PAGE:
“Roy Orbison’s voice sounded like an angel falling backwards through an open window.”
That was country singer Dwight Yoakam, commenting on the haunting, utterly unique, and unmistakable sound of Roy Orbison.
With his midnight black hair, impenetrable sunglasses—stage fright, not blindness, as some assumed—and awkward, vulnerable stage presence, Orbison was the wounded soul of country. Many country songs and singers relate tales of heartbreak, but Orbison’s aria-like compositions with a voice that tore the soul were something quite apart from the work of other artists. His songs lived in a clouded world of desperate regret and desperate hope. (Even his most optimistic hit, “Oh, Pretty Woman” leaves the listener on edge. Is she really “walking back to me?” The ache in Orbison’s voice is not as confident as his lyric.)
Born in Texas, Orbison’s initial work was frenetic rockabilly fare—he began, as so many did, at Sun Records, the initial blast-off for Elvis Presley. But it was not until he moved on to Monument Records that Roy began to develop the sound—and the physical persona—that made him iconic. Although he continued to record up-tempo songs, it was the dramatic ballads—“Crying,” “Running Scared,” “In Dreams,” “Only The Lonely,” “It’s Over”—that established him as a star. More than that—a male singer who was open to his own vulnerability; so piercing, so real. Little arias of exquisite agony.
The singer’s own life was itself material for any number of Nashville-themed heartbreak city songs. Success troubled his first marriage to Claudette Frady, but after a reconciliation she was killed in a motorcycle accident. Several years later, two of their sons would die in a house fire. (In 1969 he would marry a young German girl, Barbara Jakobs. They would have two children and remained wed until Roy’s death in 1988.)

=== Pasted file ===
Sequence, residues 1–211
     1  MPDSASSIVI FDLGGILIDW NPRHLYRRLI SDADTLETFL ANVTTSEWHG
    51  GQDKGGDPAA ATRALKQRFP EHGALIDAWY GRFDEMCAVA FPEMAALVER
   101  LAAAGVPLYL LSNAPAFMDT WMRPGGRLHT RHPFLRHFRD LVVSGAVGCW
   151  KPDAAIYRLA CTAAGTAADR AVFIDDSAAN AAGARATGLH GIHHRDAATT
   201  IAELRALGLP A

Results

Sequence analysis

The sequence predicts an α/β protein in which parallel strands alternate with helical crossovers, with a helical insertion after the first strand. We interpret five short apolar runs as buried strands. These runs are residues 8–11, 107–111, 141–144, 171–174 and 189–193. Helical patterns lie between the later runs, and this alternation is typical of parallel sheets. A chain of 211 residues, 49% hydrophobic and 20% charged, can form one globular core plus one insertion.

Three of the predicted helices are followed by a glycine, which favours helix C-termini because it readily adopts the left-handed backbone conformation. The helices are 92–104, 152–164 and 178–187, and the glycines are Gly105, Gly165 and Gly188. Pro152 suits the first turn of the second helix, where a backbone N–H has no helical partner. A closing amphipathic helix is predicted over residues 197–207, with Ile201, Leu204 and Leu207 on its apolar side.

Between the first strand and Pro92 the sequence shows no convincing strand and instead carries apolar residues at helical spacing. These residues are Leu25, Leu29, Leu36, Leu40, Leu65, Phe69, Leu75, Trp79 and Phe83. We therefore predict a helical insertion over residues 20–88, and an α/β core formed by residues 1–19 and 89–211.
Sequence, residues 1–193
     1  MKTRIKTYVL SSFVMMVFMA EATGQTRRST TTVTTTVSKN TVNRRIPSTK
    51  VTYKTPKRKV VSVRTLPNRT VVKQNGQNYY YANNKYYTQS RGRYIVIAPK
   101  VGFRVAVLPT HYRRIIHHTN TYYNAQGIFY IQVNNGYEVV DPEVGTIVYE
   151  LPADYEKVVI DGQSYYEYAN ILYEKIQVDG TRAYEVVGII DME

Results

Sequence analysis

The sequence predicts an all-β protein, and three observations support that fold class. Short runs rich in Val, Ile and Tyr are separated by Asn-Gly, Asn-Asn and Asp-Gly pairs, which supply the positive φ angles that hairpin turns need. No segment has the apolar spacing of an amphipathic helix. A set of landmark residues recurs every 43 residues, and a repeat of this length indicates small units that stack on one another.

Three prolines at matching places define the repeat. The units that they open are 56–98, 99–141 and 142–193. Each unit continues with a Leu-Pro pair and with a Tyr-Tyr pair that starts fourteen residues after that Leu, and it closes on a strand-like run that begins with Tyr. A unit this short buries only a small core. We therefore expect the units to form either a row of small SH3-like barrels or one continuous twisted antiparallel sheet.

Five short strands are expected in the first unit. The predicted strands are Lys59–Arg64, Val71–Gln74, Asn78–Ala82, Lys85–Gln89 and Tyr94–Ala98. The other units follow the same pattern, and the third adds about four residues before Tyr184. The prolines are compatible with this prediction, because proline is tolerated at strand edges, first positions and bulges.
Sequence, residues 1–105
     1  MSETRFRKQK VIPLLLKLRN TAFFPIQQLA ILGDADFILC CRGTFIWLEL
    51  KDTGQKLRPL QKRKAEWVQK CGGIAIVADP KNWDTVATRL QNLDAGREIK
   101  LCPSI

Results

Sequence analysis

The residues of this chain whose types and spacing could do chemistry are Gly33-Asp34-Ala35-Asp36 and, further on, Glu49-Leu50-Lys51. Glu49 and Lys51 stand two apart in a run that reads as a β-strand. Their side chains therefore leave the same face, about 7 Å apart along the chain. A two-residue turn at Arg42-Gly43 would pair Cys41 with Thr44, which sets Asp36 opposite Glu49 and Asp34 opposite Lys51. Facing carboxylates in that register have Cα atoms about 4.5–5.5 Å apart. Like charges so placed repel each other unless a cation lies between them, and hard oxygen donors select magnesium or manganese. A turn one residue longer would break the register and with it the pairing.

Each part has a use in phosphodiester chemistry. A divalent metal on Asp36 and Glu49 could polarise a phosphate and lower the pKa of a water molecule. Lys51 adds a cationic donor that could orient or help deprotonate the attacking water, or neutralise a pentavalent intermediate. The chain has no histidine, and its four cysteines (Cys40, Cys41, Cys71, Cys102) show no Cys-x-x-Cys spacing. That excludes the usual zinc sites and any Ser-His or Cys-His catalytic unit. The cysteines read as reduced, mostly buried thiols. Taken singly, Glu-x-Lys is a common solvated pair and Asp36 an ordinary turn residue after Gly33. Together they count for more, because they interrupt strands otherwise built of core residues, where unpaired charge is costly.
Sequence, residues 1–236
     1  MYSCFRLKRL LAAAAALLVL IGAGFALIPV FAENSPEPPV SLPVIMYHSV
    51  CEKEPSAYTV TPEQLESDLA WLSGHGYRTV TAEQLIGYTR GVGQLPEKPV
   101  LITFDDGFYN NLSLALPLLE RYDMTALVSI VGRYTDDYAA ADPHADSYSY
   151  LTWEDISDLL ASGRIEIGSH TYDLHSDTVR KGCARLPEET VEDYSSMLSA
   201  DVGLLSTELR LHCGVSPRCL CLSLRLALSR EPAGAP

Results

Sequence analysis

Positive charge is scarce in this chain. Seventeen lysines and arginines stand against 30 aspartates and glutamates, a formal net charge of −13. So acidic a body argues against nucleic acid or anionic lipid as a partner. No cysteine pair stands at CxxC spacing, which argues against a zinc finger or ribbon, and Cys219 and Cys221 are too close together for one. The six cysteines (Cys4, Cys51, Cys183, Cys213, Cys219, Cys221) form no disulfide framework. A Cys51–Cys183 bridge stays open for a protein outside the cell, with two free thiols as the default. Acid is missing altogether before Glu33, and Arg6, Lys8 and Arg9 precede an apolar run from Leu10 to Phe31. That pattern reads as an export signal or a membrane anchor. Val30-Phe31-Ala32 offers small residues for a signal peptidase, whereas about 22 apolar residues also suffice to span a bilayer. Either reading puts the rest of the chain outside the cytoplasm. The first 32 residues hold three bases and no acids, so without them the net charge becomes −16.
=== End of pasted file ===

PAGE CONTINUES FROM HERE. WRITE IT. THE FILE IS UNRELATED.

His career suffered inevitably as times changed, but of his fallow period he once remarked: “I kind of stood there like a tree where the winds blow and the seasons change, and you’re still there and you bloom again.”
And he did bloom again, although one aspect of his comeback initially irked him—director David Lynch’s use of Orbison’s haunting “In Dreams” in Lynch’s controversial 1986 movie, Blue Velvet. (Orbison flat-out refused to allow the song; Lynch ignored him.) But, in time, Roy came to see that audience exposure to the 1963 hit not only helped reintroduce him, but also gave the song—“performed” by a loony drug dealer in the movie—a different, even more striking resonance.
Orbison was in the full flower of his renaissance in 1987. His duet “Crying” with k.d. lang (then courting a country audience) was epic, and he was inducted into the Rock and Roll Hall of Fame and the Nashville Songwriter’s Hall of Fame. He was omnipresent and adored as never before—concerts, documentaries, feature stories. His voice was once again analyzed and marveled over. His quiet manner, the hushed mystery of his presence, was the epitome of cool, just as it had been when he’d ruled the charts in the 1960s. He had come full circle, through the fire of personal tragedy and professional indifference, with all his ability intact, and honed even finer.
Roy Orbison died of a heart attack in Hendersonville, Tennessee, at the age of 52. He had perhaps worked too arduously on his comeback. His last album, the posthumously released “Mystery Girl,” was a hit.
Roy Orbison’s life and his art will be brought to the screen as a feature film next year. As of this writing, no star has been announced. It is not known if the actor chosen will lip-sync to Roy’s recordings or attempt to imitate his sound. I suggest the former.
I leave the final word on Orbison’s art to Bruce Springsteen: “He was the true master of the romantic apocalypse you knew was coming after the first night you whispered ‘I love you’ to your first girlfriend.”